Plentywood, Mont. -- Dave Grimland spent nearly 30 years as a Foreign Service officer -- "telling the U.S. side of the story," he says -- in Bangladesh, India, Cyprus, Turkey and other nations with large Muslim populations. He wrote ambassadors' speeches, arranged cultural gatherings, and more than once hunkered down as angry mobs gathered outside the embassy to protest American policy.
Now retired and living in rural Montana, Grimland is once again telling a side of the story -- only this time, in quiet pockets of the Big Sky State, he's trying to tell the Muslim side to non-Muslim Americans.
"I'm going to ask you, at least for this evening, to try to put on a pair of Muslim glasses and see what the world looks like," Grimland said one recent night to about 40 ranchers, farmers and others in the basement of the county library near the spot where Montana, North Dakota and Saskatchewan come together.
Outside, it was snowing and 16 degrees. The nearest mosque was about 120 miles away, in Regina. Many in the audience said they had never met a Muslim other than a 16-year-old exchange student at Plentywood High School, Alisher Taylonzoda, who comes from Tajikistan.
For two hours and 40 minutes -- including a brief break for hot cider with spice cake, lemon bars and brownies -- the Montanans listened intently as Grimland covered a sweeping amount of history and made a case that the vast majority of Muslims are like the great majority of Christians, Jews or Buddhists.
"No worse; no better," he said. "They want peace. They want to live their lives."
A soft-spoken man, Grimland has traveled to dozens of churches, schools, small-town gathering halls and Indian reservations.
He brings along a black roller suitcase crammed with books, magazine articles and photocopies of slightly blurry maps, timelines, and "further study" reading lists for those interested in the history of Islam.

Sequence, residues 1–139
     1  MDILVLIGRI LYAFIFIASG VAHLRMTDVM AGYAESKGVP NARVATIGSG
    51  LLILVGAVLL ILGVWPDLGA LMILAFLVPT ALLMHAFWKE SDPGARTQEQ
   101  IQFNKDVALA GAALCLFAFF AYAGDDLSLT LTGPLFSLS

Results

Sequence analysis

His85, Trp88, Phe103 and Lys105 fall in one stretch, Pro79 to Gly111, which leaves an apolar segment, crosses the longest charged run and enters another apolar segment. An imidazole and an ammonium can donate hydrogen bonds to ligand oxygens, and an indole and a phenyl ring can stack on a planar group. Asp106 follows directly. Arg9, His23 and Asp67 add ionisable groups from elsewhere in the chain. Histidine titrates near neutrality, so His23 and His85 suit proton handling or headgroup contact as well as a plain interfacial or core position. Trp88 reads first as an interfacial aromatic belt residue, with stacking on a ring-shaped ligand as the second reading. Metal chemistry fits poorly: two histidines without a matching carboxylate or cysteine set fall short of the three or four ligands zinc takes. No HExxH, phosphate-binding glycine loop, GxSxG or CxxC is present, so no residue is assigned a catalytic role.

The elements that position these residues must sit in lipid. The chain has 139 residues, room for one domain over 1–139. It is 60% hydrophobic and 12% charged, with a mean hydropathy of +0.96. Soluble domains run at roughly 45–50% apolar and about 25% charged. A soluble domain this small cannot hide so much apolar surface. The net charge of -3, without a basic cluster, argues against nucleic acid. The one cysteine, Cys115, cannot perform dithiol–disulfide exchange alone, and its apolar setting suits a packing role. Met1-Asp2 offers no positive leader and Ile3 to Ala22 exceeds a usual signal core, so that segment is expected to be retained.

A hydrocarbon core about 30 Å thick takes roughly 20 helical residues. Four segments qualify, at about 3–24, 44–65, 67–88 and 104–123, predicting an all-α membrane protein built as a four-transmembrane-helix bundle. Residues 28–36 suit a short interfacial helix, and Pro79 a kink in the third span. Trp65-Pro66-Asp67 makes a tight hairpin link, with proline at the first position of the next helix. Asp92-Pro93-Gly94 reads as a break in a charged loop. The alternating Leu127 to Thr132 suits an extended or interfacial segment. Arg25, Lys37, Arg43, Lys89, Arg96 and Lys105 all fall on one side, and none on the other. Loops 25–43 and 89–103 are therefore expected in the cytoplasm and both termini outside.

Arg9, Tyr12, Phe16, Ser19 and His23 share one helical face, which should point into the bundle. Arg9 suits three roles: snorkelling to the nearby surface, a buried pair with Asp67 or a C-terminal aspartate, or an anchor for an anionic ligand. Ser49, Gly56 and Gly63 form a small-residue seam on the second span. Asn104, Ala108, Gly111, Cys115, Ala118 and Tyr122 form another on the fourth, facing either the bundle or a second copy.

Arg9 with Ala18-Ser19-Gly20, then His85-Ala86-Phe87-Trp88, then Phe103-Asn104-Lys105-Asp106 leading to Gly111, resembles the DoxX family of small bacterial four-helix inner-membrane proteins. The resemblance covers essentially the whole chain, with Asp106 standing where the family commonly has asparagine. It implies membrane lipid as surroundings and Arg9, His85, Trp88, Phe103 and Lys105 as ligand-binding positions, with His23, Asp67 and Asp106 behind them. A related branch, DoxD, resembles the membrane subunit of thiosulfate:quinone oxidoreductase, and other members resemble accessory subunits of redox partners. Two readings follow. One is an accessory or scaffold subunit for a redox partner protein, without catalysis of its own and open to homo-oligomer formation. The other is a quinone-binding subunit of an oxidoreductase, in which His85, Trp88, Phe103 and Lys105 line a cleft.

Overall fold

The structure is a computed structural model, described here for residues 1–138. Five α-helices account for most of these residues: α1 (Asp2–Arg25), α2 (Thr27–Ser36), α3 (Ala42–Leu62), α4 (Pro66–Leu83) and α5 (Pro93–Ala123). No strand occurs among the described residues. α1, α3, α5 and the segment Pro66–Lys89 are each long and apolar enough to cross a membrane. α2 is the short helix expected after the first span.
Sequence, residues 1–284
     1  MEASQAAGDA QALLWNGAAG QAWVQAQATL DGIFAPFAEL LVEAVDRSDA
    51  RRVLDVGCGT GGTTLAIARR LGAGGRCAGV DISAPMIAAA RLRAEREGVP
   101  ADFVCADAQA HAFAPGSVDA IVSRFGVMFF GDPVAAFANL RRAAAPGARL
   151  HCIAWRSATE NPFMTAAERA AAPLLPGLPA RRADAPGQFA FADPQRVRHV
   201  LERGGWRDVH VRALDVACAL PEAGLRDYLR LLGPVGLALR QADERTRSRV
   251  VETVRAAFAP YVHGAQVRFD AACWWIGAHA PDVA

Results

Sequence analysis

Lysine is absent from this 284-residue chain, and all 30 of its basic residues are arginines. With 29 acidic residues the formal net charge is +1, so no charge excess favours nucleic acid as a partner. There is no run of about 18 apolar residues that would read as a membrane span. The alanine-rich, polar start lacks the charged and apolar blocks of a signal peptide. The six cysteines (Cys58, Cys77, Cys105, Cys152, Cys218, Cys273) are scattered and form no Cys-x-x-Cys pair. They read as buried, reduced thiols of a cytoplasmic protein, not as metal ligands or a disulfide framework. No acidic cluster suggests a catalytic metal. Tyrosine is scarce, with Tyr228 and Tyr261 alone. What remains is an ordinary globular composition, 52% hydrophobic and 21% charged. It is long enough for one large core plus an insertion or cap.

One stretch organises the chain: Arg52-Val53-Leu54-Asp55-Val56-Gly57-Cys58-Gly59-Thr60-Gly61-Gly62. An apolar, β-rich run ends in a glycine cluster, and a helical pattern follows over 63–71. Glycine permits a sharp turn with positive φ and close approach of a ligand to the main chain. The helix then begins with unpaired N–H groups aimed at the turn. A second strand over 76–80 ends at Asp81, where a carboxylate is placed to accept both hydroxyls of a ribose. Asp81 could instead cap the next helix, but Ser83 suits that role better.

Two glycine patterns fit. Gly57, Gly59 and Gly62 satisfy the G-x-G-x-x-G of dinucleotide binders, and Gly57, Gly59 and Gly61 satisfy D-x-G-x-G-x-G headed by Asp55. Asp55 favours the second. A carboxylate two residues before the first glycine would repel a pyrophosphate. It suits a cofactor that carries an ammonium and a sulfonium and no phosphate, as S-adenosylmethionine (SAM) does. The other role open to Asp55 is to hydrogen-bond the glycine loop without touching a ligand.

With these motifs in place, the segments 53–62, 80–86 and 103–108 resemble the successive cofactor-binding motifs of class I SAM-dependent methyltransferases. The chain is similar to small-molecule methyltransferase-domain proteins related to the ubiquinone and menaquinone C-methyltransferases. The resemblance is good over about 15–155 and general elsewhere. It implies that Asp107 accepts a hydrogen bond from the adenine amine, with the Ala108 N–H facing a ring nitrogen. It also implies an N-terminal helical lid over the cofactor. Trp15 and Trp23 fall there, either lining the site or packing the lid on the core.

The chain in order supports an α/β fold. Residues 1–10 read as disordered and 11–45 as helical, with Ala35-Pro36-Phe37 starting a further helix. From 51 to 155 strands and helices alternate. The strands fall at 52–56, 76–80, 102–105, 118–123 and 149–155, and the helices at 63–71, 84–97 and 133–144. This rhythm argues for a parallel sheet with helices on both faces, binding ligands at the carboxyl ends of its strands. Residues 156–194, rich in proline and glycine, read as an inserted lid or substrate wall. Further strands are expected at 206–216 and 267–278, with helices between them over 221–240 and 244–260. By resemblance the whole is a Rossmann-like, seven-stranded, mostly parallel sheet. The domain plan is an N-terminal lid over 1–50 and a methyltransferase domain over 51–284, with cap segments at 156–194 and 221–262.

"I don't do a PowerPoint presentation or anything like that," says Grimland, who was born in New Mexico and raised in West Texas. "I try to be the power."
Talking to a dozen people there, 40 here, as many as 75 elsewhere, Grimland hardly expects to change the world. But he does feel a calling.
"I'd been frustrated ever since 9/11 by listening to comments [about] the backwardness of Islam, about the religion's responsibility for the 9/11 tragedy, versus the actions of a small number of Islamic extremists."
And so, Grimland said, "I just thought maybe I could try to help people who haven't traveled, who haven't had the benefit of having to know this stuff because it was part of their job."
The 63-year-old didn't come to Montana to give lectures on Islam. He came here to retire.
After the peripatetic life of a cultural attache, he and his wife, Kathleen, a former UNICEF officer in India, moved in 1995 to Columbus, about 35 miles west of Billings. They have a 15-year-old son, Michael.
They built a house on land the couple bought in 1990, after friends visiting India from the States showed them photographs of the Montana property.
"I must say, there's nothing quite like living in New Delhi, India, to make Columbus, Mont., look pretty wonderful," said Grimland with a laugh. He asked the friends to put in a bid, and wound up a Montana property owner.
After the 2001 attacks, as he watched television news and took in what he describes as irregular coverage of the Muslim world in local newspapers, Grimland felt that Montanans were being given little true sense of that world.
"Islam, for most of us, didn't really even register on our personal radar screens until Sept. 11, 2001," he said.
"And since then, we've been assaulted with generally negative, often very violent images of the religion."
Grimland does not remotely justify terrorism.